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Ludwig Mies van der Rohe

Ludwig Mies van der Rohe

Germany, 1886 - 1969

Mies van der Rohe began his career in architecture in Berlin, working as an architect first in the studio of Bruno Paul and then, like Le Corbusier and Walter Gropius, for Peter Behrens. In 1928, Mies and his companion and colleague, the designer and Bauhaus alumna Lilly Reich, were asked to design the German Pavilion for the 1929 International Exposition in Barcelona. The purpose of the Pavilion was to provide a location that could be visited by the king and queen of Spain during the opening of the Exposition. With that in mind, Mies designed a modern throne – known today as the Barcelona Chair – for their majesties. In the following year, Mies designed another notable chair, the Brno, with a gravity-defying cantilevered base.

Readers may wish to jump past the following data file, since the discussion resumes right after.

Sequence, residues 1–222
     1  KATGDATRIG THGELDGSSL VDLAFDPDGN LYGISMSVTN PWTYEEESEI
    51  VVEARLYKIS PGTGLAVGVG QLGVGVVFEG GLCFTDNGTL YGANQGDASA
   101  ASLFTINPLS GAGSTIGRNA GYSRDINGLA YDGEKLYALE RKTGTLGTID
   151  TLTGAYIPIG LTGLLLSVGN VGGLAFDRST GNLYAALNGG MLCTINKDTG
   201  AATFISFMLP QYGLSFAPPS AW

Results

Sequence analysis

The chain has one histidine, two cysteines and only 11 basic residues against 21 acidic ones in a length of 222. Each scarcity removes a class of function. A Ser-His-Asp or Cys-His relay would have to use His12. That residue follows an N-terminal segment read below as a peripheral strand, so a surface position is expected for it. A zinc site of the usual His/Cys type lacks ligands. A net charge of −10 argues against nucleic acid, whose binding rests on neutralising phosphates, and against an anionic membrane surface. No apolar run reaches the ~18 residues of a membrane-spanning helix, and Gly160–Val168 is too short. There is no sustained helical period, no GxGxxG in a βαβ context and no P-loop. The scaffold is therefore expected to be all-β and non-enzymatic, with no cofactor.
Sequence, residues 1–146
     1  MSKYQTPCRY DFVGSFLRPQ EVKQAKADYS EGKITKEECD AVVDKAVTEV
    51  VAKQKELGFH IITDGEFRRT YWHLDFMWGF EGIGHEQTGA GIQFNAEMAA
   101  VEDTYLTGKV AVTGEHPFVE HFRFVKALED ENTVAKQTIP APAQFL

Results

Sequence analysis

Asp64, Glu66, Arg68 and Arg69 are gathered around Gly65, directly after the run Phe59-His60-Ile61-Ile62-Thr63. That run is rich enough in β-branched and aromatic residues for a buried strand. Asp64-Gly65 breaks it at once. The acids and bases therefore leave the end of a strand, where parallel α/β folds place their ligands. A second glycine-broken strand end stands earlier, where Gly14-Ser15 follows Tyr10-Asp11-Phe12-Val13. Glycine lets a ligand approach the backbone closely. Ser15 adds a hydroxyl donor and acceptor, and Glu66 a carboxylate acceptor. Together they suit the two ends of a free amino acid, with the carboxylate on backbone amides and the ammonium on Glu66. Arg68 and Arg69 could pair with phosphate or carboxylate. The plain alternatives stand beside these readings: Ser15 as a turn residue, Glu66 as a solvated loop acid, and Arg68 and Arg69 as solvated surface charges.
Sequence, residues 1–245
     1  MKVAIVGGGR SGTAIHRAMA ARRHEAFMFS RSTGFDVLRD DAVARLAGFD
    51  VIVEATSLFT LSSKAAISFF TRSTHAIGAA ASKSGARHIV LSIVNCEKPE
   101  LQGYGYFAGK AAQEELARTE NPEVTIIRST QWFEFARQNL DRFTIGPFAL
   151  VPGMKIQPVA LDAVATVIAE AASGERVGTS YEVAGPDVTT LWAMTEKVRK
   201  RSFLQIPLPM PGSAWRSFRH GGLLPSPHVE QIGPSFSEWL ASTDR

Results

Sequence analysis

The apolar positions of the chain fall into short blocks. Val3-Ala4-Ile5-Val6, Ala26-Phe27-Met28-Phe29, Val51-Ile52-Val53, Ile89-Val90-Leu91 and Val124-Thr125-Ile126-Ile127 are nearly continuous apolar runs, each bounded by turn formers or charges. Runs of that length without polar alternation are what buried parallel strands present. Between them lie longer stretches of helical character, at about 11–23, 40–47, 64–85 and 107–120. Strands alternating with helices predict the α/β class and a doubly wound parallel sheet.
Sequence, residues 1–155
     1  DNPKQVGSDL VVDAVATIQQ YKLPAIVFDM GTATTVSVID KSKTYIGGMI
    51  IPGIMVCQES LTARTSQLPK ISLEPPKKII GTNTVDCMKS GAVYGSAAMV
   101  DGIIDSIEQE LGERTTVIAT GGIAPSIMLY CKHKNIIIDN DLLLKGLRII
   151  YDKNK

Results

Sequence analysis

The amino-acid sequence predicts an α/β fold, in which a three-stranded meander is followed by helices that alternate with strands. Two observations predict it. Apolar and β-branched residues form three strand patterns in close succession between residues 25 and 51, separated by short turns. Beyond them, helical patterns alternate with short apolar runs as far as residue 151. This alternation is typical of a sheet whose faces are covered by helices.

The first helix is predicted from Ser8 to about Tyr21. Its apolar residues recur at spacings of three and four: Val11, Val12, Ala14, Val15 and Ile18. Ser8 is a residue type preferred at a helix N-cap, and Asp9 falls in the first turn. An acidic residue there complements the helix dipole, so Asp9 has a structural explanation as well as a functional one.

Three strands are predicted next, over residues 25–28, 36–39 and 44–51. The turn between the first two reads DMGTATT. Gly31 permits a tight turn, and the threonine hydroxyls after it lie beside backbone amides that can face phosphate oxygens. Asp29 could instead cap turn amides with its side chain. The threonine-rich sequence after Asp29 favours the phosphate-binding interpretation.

In 1930, Mies succeeded Walter Gropius as the director of the Bauhaus, where he stayed until the school closed in 1933. In 1937, Mies emigrated to the United States, and a year later became the director of architecture at the Illinois Institute of Technology. The rest of his career was devoted to promoting the modernist style of architecture in the U.S., resulting in rigorously modern buildings such as the Farnsworth House and the Seagram Building, designed with Philip Johnson.

The modern city, with its towers of glass and steel, can be at least in part attributed to the influence of architect Ludwig Mies van der Rohe. Equally significant, if smaller in scale, is Mies’ daring furniture designs, pieces that exhibit an unerring sense of proportion, as well as minimalist forms and exquisitely refined details.

27 Item(s)

27 Item(s)